Who wrote the rules?

I don’t know what his name is, but some guy, one day, wrote something about leading a balanced life…working 8 hours a day, sleeping for 8 hours, and then spending the other 8 in leisure. Very balanced indeed. Thank you, man from extremely long ago. Whose rules apparently still apply.

mountain view

The condition of the instrument determines its success in observation and measurement. If the instrument is broken or damaged, its measurements are bound to be off. Its ability to capture what it has been designed to observe will be altered. It will not succeed in its purpose. We can try and fix it. Glue it back together and re-calibrate, though it may never be as effective. The changes we try and make to it alters it to such an extent that its original purpose somehow becomes void of meaning.

Perhaps we, as instruments, are always too involved in the prospect of the future, too busy trying to be effective, too distracted, too patched up and too obsessed with what we’re trying to measure, to be open to each new experience. Maybe the only way to be fully present is to not be present. To take a step back and change perspective.

If we could see things outside of the long telescope we’re always looking through that always either points from our eye and our memory of the past towards something tangible in the distance… If we could see beyond the small, magnified part signifying the direct past and future – maybe we’d become enlightened by the paths we’ve not yet contemplated for ourselves.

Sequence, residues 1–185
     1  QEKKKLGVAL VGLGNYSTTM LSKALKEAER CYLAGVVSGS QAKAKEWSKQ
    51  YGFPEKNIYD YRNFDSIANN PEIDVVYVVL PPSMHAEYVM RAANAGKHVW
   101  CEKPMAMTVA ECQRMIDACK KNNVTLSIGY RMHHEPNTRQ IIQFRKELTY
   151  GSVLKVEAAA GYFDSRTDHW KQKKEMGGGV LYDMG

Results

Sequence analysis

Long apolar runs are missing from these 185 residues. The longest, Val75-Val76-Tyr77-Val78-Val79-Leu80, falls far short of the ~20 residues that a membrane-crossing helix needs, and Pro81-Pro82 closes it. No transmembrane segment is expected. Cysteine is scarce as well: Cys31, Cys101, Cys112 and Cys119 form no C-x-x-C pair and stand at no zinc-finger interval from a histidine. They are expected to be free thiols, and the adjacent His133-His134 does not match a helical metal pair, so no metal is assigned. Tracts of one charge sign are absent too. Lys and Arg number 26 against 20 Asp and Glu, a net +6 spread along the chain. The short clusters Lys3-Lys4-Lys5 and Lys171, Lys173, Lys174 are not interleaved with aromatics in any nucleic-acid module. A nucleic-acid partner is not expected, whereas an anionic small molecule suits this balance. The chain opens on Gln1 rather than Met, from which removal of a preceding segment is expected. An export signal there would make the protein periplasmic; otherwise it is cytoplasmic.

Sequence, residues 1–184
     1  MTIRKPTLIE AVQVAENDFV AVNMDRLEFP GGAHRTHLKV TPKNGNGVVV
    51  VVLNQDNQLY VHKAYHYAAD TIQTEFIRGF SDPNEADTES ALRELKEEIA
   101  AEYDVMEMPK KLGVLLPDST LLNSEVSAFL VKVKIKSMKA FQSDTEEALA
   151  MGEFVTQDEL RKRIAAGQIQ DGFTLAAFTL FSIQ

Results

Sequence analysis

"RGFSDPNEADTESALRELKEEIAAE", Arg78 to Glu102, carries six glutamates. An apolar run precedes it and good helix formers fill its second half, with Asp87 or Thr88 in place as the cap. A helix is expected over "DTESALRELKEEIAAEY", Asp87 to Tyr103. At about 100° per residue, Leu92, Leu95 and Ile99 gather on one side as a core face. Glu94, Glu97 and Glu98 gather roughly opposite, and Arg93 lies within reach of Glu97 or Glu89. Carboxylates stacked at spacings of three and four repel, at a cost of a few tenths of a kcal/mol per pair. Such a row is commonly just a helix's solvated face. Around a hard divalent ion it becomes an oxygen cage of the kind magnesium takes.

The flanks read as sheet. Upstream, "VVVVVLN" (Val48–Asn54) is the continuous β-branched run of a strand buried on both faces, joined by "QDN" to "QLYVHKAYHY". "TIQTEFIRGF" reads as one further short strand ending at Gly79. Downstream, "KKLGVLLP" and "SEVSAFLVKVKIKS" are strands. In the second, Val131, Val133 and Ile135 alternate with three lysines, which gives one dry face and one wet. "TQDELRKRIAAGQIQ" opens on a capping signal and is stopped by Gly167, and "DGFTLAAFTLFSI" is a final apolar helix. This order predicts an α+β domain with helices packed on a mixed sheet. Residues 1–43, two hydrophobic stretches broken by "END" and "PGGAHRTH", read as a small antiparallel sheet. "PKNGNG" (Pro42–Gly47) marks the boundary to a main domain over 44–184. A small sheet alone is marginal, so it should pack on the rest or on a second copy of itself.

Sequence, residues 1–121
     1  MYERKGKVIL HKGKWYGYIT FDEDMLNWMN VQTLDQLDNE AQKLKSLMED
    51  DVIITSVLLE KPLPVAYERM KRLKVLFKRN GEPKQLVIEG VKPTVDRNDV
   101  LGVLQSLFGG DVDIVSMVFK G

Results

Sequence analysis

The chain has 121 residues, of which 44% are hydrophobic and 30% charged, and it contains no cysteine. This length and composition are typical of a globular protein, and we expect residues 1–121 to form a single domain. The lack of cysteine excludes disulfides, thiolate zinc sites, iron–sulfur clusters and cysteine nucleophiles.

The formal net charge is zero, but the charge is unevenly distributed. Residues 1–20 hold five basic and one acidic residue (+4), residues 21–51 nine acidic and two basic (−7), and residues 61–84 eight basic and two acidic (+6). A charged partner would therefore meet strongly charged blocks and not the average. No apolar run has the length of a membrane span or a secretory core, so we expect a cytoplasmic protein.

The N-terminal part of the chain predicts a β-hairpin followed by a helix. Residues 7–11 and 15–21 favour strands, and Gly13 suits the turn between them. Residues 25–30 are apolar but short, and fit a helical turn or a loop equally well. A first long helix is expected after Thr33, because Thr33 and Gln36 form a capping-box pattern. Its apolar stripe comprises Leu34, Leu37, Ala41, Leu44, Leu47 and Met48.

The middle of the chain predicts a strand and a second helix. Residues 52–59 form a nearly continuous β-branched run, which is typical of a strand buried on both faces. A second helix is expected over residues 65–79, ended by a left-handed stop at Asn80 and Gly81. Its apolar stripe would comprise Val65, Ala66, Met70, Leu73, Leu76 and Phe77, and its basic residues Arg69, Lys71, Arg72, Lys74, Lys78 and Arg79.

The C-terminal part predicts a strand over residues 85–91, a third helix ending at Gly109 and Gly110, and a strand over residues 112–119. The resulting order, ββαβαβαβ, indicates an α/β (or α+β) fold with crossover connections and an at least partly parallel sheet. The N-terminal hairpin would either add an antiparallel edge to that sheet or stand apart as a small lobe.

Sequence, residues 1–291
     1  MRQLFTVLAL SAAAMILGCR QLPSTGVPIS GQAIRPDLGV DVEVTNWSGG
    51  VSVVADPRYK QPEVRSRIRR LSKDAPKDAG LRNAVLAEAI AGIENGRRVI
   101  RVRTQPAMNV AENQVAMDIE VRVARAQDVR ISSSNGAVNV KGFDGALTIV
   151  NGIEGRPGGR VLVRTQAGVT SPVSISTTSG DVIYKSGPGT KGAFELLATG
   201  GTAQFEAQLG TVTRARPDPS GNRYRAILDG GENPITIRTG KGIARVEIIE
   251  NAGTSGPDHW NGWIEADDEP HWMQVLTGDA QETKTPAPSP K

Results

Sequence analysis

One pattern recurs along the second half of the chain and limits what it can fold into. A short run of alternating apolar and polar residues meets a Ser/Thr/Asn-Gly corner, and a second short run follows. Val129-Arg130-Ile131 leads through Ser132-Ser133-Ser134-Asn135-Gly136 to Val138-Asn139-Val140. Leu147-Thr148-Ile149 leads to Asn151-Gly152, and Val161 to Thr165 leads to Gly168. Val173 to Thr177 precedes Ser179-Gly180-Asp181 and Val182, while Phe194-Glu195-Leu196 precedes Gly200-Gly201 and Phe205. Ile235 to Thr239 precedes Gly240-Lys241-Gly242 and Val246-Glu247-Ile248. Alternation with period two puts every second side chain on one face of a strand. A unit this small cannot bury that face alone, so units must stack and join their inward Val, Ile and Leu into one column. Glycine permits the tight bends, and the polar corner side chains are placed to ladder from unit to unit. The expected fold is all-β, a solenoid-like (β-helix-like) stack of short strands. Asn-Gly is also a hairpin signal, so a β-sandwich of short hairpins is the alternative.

But an image like that, within our direct frame of reference, remains unimaginable. Intangible. We are in many ways unable to wrap our minds around something we’ve not seen or explored or been taught before. Because we’ve been conditioned to believe that life is what it is.

That we’re all meant to follow a pre-ordained path that leads to the same little pot of treasure at the end of the apparent rainbow. That it is normal to succumb to the universal law of mediocrity. To the voices of intellectuals of past centuries. To live by rules set by people who lived in a different lifetime. When opportunities were not as vast. When the world was not as small. When all the answers to life were not yet a click away.

The rules of life have changed. It’s just that we don’t really write them down anymore. And we don’t really educate people accordingly anymore. But that does not mean these rules don’t show significant difference from the ones written by philosophers of the medieval age.

Break free. Make your own rules. It is no longer 1640 and it is also no longer 1980. Look past the future that dead people seemed to have planned for you. Do what makes you happy. Run if you must.

Our journey as human beings is not about following a pre-ordained path, but about creating that path. Life rarely makes any more sense when things are done “in order”. Life makes sense when we are centered in our hearts and we let go of resisting how our unique journey needs to unfold in its own beautifully unruly way.

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